“Currently, there are few brands that focus on this group, and we wanted to make sure that we carry items that cater to every woman’s wellness needs,” she says. “We wanted to expand our assortment for this group by offering not only daily vitamins, but also supplements that can tackle common health issues that perimenopausal women experience such as hot flashes, stress and cycle regulation. Wile was the brand that offered the widest assortment that was created with clean, plant-based ingredients, so we knew they would be a great incremental addition to Grove.com.”

Wile co-founder and COO Corey Scholibo

Scholibo understands what it’s like to work in disruptive product categories. When he approached national grocery chains Safeway and Albertsons about carrying Repurpose, they all but laughed at him. He recalls, “They were like, ‘This is a joke. No one will ever buy a compostable spoon. Go away,’ to, ‘We need everything you have,’  to, ‘We want our own private label.’”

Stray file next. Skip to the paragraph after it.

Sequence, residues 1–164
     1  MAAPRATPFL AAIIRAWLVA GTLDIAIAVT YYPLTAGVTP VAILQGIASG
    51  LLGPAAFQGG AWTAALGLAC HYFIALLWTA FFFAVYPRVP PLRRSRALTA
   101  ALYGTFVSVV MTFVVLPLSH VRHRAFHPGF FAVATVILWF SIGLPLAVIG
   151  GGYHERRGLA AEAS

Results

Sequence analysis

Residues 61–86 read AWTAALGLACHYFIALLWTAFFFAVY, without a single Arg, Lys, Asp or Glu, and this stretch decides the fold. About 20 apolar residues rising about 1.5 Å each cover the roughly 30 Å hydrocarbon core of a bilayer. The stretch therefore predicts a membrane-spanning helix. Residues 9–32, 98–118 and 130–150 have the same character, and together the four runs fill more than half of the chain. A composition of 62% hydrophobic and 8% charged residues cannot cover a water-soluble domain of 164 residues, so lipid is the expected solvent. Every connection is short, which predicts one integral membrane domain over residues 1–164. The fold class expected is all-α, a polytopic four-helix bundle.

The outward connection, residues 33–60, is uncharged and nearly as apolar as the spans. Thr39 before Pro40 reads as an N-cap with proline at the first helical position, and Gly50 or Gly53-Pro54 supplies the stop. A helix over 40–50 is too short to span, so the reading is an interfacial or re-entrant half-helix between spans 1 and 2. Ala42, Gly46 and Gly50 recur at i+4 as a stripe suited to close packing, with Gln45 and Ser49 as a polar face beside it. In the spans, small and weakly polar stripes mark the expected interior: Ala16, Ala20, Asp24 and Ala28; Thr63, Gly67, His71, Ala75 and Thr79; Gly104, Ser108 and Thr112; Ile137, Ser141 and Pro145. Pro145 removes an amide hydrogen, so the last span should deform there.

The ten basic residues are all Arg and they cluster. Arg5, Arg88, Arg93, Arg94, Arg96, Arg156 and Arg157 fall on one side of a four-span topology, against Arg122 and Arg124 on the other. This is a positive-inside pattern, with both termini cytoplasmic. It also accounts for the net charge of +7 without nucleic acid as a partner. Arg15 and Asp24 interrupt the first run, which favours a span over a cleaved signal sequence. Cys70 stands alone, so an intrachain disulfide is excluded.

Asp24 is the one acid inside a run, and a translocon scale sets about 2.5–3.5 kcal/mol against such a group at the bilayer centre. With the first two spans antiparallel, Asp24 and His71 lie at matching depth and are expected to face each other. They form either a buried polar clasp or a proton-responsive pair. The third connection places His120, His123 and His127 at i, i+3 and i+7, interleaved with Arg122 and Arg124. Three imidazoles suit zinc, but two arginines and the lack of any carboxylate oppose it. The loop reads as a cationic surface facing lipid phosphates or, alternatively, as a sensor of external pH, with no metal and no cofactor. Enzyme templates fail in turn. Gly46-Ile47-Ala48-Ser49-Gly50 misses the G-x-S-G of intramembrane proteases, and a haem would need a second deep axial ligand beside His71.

He admits, thankfully, the conversations about Wile were much easier from the start with retailers as well as investors. There was so much interest in Wile’s pre-seed series round that, after filling it, the brand increased the size of the note to allow for more strategic investors to get involved. Wile declined to disclose the amount it’s raised. 

While not mass, Scholibo says Wile’s prices are as competitive as possible given the quality of the ingredients the brand chooses. “Our goal is to serve as many women as possible, but, at the same time, we want to give them efficacious ingredients. A lot of people are putting out cheap products and don’t really know what’s in their products. We know everything that’s in our product, and are utilizing really responsible sourcing,” he says. “A plant grown in certain soil in certain regions will have completely different basic chemical components. The key to what we’ve done is brought in the science and efficacy of a brand like Thorne or Gaia and, then, we’re using a lot of the lifestyle feeling and look and vibe of a Moon Juice.”